There may be some uncertainties surrounding the dzongkhag and yenlag thromde elections in the 16 dzongkhags. But what is certain is there will be 280 vacancies created excluding the coveted thrompon’s post and that of the executive secretary.

From an employment perspective, this is good as creating jobs has become an uphill task today. Jobseekers are continuously encouraged to become entrepreneurs and create jobs rather. Although the details are being worked out, the thromdes will create openings for many technical or vocational institute graduates.

What is also certain is that the pressure on the government’s coffer would increase as we chart out salaries and benefits for the 312 new posts. The Election Commission of Bhutan that will conduct the elections will not have to be concerned about the budget. It is guaranteed from the consolidated fund. Nu 275 million has been already allotted.

Officials have finalized the delimitation of Pemagatshel thromde yesterday, the last thromde to be finalized. Elections to the local government will start with the election of thrompons in three thromdes later this month and is expected to be complete by December this year.

The idea is that one year from this month, all 20 dzongkhags will have their thromde tshogdes in place and function as thromdes.

Then come the uncertainties of sustainability. With 30 people estimated in each thromde, the recurrent expenditure is going to eat into the exchequer. The concept is to make each thromde sustainable.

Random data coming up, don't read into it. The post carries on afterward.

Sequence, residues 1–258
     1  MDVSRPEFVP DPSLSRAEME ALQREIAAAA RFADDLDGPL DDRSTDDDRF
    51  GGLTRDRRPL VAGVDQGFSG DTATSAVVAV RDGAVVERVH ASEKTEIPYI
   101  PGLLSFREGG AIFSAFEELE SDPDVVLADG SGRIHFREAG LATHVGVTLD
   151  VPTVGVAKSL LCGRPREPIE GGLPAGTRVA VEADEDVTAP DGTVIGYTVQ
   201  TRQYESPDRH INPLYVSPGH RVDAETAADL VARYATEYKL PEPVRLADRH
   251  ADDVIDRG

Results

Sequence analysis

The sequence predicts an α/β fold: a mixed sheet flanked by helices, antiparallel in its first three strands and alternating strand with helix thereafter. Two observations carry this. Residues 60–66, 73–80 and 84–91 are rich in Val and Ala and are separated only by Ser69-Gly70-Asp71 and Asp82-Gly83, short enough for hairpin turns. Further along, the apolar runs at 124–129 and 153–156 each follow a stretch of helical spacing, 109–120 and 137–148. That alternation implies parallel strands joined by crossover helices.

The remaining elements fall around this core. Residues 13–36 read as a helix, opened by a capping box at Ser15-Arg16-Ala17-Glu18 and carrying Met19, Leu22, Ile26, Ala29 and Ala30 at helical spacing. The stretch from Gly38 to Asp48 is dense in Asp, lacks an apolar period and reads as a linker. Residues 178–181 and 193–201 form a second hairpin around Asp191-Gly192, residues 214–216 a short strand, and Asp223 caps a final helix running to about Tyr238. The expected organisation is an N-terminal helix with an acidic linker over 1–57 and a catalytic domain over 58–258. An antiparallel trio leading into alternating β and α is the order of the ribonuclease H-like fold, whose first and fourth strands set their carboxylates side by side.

It may not be possible immediately. But from the experience of the four big thromdes, it is easier said than done. The existing thromdes are not meeting their current expenditure from the revenue collected from taxes and levies.

There are proposals to increase taxes, but this is not easy. Some villages are fighting to be out of the thromde boundaries fearing heavier urban taxes, which is identified as a source of revenue for the thromdes.

The new thromdes will take years to generate revenues. On the other hand, we have the Constitution mandating the local government to strive to achieve its developmental objectives “within its financial and administrative capacity”.  The Constitution also states that the government should allocate some budget towards making thromdes self-sustaining and self-reliant.

The decision is final. All the 20 dzongkhags will have dzongkhag thromdes. The real implication will be seen from the next fiscal year.

The thromdes are approved with an expectation to facilitate proper town planning and development in all dzongkhags and bring about balanced socio-economic development. If this objective is achieved, the cost will be justified. But how and when we achieve that is another uncertainty.